Yesterday was rainy, gusty, cold and just plain old yucky which made it the perfect day to snuggle up inside and … make chili! I had a nice pot roast in my freezer stash, so I decided to use it to make this Beef, Butternut and Bacon Chili. A unique chili recipe from Cooking Light with beef and butternut squash (really!?) had caught my eye and I had some fun adapting it a bit.
I diced up and cooked two strips of applewood bacon and used them to add extra flavor and a hint of smokiness. I also added extra veggies and used some of my own techniques to put it all together.
We loved the final results – the butternut squash, (oh, there’s carrots too!) while making a lovely visual contrast to the deep, dark hued chili, also adds a bit on sweetness to this zesty, meaty dish. This yummy recipe will definitely be added to my soup repertoire!
- 1 tablespoon all-purpose flour
- ½ teaspoon salt
- ¼ teaspoon freshly ground black pepper
- 2 strips applewood bacon cut into thin strips
- 1 tablespoon extra virgin olive oil
- 1½ lbs. boneless chuck roast trimmed and cut in 1/4 inch slices, then cut slices into 1/4 inch strips (You want to end up with small, bite-sized pieces.)
- 1 cup finely chopped celery
- 1½ cups chopped onion
- 1 cup chopped green bell pepper
- 1 tablespoon minced fresh garlic
- 2 teaspoons diced jalapeño pepper
- ¾ cup dry red wine
- 2 tablespoons tomato paste*
- 1-1½ teaspoons chili powder start out with 1 teaspoon and add more, to taste
- 1 teaspoon dried oregano
- 1 teaspoon ground cumin
- 1 teaspoon ground coriander
- 2 - 14 ounce cans fire-roasted tomatoes undrained
- 1 - 4 ounce can green chiles
- 2 - 15 ounce cans kidney beans rinsed and drained
- 1 ½ cups 1/2-inch cubed peeled butternut squash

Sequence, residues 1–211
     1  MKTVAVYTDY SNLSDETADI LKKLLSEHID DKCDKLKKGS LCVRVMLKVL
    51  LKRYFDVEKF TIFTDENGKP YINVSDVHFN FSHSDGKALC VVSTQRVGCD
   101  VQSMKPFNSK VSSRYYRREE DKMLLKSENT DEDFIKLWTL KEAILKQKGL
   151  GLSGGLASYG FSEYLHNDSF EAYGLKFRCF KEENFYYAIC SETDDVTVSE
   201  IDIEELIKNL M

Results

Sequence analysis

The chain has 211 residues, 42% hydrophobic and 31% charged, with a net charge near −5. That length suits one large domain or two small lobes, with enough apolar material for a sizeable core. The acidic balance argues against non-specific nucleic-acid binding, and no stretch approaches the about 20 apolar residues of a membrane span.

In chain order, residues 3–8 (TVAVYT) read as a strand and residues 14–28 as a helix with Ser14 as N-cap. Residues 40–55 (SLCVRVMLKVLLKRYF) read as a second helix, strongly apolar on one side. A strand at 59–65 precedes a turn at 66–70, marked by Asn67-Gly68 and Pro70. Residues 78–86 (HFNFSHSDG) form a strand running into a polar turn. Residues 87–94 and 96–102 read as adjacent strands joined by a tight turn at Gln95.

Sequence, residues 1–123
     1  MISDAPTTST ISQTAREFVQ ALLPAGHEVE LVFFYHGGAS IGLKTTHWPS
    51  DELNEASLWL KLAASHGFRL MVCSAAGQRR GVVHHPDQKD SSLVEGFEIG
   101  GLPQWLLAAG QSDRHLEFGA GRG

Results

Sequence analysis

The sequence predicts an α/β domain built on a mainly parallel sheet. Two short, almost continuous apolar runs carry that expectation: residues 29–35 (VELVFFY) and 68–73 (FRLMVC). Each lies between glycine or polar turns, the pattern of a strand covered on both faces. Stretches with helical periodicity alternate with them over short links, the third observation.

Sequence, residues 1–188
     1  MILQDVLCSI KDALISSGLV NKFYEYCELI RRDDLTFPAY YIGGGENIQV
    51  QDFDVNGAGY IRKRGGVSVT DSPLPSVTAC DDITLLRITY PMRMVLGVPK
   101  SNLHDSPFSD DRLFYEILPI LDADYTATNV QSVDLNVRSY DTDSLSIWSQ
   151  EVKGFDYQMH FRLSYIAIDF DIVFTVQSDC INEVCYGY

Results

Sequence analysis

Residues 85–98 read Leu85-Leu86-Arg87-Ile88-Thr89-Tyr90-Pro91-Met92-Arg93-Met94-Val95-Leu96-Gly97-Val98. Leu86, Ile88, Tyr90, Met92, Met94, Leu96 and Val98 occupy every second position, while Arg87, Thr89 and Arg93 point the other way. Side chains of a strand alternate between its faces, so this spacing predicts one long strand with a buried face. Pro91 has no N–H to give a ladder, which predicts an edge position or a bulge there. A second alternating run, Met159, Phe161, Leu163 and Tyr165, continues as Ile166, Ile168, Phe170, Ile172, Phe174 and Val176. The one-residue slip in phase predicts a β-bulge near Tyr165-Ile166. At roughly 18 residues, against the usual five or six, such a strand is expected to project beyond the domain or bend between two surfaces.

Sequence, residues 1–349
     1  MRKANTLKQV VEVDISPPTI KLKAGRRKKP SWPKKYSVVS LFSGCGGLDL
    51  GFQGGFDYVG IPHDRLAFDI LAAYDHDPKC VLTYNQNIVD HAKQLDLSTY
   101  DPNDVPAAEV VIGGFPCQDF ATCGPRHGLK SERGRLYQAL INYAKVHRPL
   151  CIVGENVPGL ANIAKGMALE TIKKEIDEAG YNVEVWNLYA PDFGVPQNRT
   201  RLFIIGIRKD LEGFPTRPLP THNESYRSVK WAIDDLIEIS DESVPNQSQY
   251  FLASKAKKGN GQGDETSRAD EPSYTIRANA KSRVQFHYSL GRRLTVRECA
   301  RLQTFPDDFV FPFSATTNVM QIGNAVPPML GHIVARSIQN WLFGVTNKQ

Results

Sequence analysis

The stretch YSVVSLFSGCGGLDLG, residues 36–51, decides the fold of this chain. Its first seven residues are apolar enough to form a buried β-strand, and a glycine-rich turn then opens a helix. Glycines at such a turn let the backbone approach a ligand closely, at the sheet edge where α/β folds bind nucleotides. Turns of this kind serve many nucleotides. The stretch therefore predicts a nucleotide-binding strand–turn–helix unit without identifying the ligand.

- 1 cup coarsely chopped carrot I actually used the mini carrots and sliced them in approximately 1/4 inch slices.
- ½ cup finely chopped fresh cilantro**
- Combine flour, salt and pepper in a medium size bowl. Add diced meat and toss to coat meat with flour mixture. Set aside.
- Heat a large Dutch oven over medium-high heat. Add bacon and cook until golden and crispy. Remove bacon with a slotted spoon and set aside. Add 1 tablespoon of olive oil to pan. Increase heat to high.
- Once oil is heated, add beef to pan, keeping heat on high. Do not be tempted to stir - you want the meat to sear quickly without releasing it's juices. After meat is seared and golden brown, about 3- 4 minutes, turn meat with a large metal spatula to other side. Sauté on high for 3-4 more minutes.
- Reduce heat slightly and add onions, peppers, jalepenos, and celery to meat in pan. Cook stirring occasionally until veggies start to release their juices. Continue cooking until most of the moisture has been cooked off, watching carefully and stirring occasionally to make sure mixture does not burn.
- Once most of the liquid has been cooked off (this will take any where from 15-25 minutes), begin adding wine, about a 1/4 cup at a time. Cook until most of the wine has evaporated then add another 1/4 cup. Each time you add the wine, scrape up the lovely flavorful browned bits on the bottom of the pan with a metal spatula. Repeat this process until all wine has been used and meat is a deep lovely brown color - watch so meat doesn't burn, but try not to stir too often (this is a great time to do other little kitchen chores as the meat bears watching, but you definitely don't need to be standing over the pot).
- Add the remaining ingredients along with the reserved bacon and bring to a boil, scraping any browned residue from the pan. Cover, reduce heat to medium-low, and simmer gently for 1/2 hour. Add butternut squash and chopped carrots, and simmer for another 45 minutes or until beef and squash and carrots are tender. If chili is too thick, add a bit of beef or chicken stock to thin. Season to taste with sea salt and freshly ground pepper. Serve with sour cream, chopped scallions and tortilla chips for a delicious hearty meal.
* (I like this kind in a tube - it keeps in the refridge, once opened, and you can use just a touch here and there without opening a whole can.)
** (Did you know that the stems of cilantro are loaded with flavor? Don't hesitate to start chopping right near the bottom of the stems - save the pretty tops for garnish.)
low sodium chicken or beef broth, if desired, for thinning